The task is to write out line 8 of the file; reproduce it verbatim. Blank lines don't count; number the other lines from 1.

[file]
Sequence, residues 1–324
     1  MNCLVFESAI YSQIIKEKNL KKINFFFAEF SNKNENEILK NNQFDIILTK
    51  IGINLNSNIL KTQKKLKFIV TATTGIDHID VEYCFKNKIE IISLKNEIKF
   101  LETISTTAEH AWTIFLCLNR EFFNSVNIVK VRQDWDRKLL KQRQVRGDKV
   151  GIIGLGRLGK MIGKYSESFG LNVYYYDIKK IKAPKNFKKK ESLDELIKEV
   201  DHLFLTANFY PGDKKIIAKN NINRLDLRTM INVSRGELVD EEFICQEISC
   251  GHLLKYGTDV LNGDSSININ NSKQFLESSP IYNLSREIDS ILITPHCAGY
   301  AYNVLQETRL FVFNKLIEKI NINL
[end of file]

   301  AYNVLQETRL FVFNKLIEKI NINL